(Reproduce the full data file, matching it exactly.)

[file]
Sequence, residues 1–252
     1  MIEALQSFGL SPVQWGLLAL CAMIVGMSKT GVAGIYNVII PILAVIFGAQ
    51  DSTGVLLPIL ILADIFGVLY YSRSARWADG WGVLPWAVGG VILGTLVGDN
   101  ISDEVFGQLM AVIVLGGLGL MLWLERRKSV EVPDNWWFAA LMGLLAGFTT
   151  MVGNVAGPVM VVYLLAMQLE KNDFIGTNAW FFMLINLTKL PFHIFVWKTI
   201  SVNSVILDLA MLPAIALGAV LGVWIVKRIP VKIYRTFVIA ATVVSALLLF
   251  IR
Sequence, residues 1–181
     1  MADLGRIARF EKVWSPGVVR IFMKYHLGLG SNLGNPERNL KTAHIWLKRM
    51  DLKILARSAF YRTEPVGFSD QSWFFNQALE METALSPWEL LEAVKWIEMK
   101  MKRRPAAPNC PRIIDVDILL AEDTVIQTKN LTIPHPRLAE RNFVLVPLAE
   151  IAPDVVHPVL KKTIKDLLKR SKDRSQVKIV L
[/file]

Sequence, residues 1–252
     1  MIEALQSFGL SPVQWGLLAL CAMIVGMSKT GVAGIYNVII PILAVIFGAQ
    51  DSTGVLLPIL ILADIFGVLY YSRSARWADG WGVLPWAVGG VILGTLVGDN
   101  ISDEVFGQLM AVIVLGGLGL MLWLERRKSV EVPDNWWFAA LMGLLAGFTT
   151  MVGNVAGPVM VVYLLAMQLE KNDFIGTNAW FFMLINLTKL PFHIFVWKTI
   201  SVNSVILDLA MLPAIALGAV LGVWIVKRIP VKIYRTFVIA ATVVSALLLF
   251  IR
Sequence, residues 1–181
     1  MADLGRIARF EKVWSPGVVR IFMKYHLGLG SNLGNPERNL KTAHIWLKRM
    51  DLKILARSAF YRTEPVGFSD QSWFFNQALE METALSPWEL LEAVKWIEMK
   101  MKRRPAAPNC PRIIDVDILL AEDTVIQTKN LTIPHPRLAE RNFVLVPLAE
   151  IAPDVVHPVL KKTIKDLLKR SKDRSQVKIV L